by Marion Nestle

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Apr 22 2009

The People’s Garden at USDA? Happy Earth Day!

It’s Earth Day and the USDA says it is going to turn the grounds of its Washington DC buildings into The People’s Garden –  a sustainable landscape that will “promote healthy food, people, and communities” across the country.

Yes!

And here’s where to see what it will look like.

I can’t wait!

Mar 20 2009

The Obama’s garden: happy news!

By this time everyone in the world must know that the Obama’s are planting a vegetable garden at the White House.  Today’s New York Times not only covered it, but on the front page yet.  Planting a garden is front-page news? Indeed it is.  What strikes me most about the reports is how excited everyone at the White House is about it.  The staff can’t wait to start planting and picking.

In the meantime, Slow Food and friends are in Atlanta talking to the CDC about the importance of agriculture to food, nutrition, and health, especially as it bears on school food.  This also could be a great sign.

And if you care what else the Obama’s are doing about food, check out Obama Foodorama, where bloggers cover what gets cooked, what gets eaten, and what’s important about food in deep, daily detail.

March 21 update: Another photo of the Obama garden project appears on the front page of today’s New York Times along with a lauditory editorial (this really is big news), and Eating Liberally’s kat has a comment on farming on 5th Avenue.

Mar 15 2009

FDA approves Salmonella! (or so says The Onion)

Thanks to Elinor, Eric, and Lisa for sending this news item from the Onion.  As The Onion points out, the easiest way to solve the pesky Salmonella problem is to make it legal.  I love the illustrations and will be plagiarizing that cereal box for powerpoint presentations.

Jan 2 2009

Happy new year: top anti-junk food marketing moments in 2008

The childhood obesity team at Center for Science in the Public Interest (CSPI) sends along its new year’s greeting: “great anti-junk food marketing” moments in 2008.  These mostly focus on progress in industry self-regulation (voluntary) but also on congressional legislation to restrict marketing and put healthier foods in schools.  Food marketing to kids is the point of food industry vulnerability.  Food companies must stop marketing junk foods to kids.  Voluntary self-regulation is notoriously ineffective.  Legislative intervention is essential.  Maybe this will be possible under the new administration?  Fingers crossed.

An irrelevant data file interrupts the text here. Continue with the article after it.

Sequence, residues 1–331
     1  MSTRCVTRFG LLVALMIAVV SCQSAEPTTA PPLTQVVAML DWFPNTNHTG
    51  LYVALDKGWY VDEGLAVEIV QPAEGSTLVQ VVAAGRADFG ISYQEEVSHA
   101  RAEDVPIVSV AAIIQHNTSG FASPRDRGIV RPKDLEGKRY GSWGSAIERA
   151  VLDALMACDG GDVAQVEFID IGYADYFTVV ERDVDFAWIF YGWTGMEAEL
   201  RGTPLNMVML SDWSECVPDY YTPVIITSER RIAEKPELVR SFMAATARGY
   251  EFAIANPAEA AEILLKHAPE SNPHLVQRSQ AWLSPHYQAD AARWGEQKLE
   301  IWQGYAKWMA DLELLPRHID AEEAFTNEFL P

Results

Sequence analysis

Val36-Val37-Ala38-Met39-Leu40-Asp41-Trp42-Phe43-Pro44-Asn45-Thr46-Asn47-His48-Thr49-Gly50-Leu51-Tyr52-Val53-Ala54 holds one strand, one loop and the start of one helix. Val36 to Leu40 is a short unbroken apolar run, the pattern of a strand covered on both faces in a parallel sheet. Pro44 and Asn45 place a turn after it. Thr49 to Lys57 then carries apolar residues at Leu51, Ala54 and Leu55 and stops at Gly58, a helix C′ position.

Jan 1 2009

Happy new year: Top food safety crises of 2008

Bill Marler, of the legal firm specializing in food safety cases, lists his top 10 picks for the food safety scandals of 2008, beginning with globalization and ending with pet food.

And Food Chemical News (December 31) says the FDA will be testing for melamine in farmed fish and fish feed from China.  When Hong Kong officials said they found melamine at 6.6 ppm in fish feed, the FDA wondered whether melamine could accumulate in fish tissues.  Apparently, that is exactly what it does.  The Los Angeles Times  (December 24) says FDA testing found whopping amounts of melamine – 200 ppm – in catfish, trout, tilapia and salmon that had eaten melamine-tainted fish feed.  This is way higher than the maximum “safe” level of 2.5 ppm in food.  So put fish from China on your list of what not to eat.

Let’s hope the new president picks someone for USDA undersecretary and FDA commissioner who takes food safety seriously.  That’s my wish (well, one of them) for the new year. Peace to all.

Dec 22 2008

The NY Times weighs in on the Vilsack appointment

The New York Times editorial writers have some interesting things to say about the challenges facing the new USDA secretary.  The Vilsack appointment, they say, “has the merit of being unsatisfactory to both extremes of the farm-policy debates.”  This makes me wonder when sustainable agriculture will be viewed as the wave of the future, and not as “extreme.”  Soon?

12/23 update: Here’s Kim Severson’s piece in the food section on what needs to happen at the USDA.

Dec 19 2008

FDA approves Stevia

It’s beginning to look like the FDA is getting in as many “midnight” approvals as it can before the new adminstration kicks in.  First it loosened its advisory on eating fish, and now it has told Cargill, the maker of the Truvia brand of the artificial sweetener Stevia, that it’s OK for the company to market it.  I guess the FDA must have resolved its doubts about the science supporting the safety of Stevia, even though much of it was corporate-sponsored.  But CSPI still has doubts.  Or maybe the FDA just didn’t have the strength to stop soft drink companies from marketing Stevia-sweetened drinks with or without FDA approval.  CSPI can’t understand the rush.  Why not?  It’s politics as usual, alas.

According to the Wall Street Journal, the reason for the rush is to get products with this “natural” sweetener on the market now.  Coke is coming out with Sprite Green and Odwalla juice drinks, and Pepsi will market SoBe Lifewater and an orange drink called Trop50.  They must thing they are on to something.  Stevia does have its supporters.  Me?  I’ll take sugar anytime.

April 15, 2009 update: Stevia products are on the market and competing vigorously for market share, as discussed by Kim Severson in the New York Times.

Dec 1 2008

Past appearances

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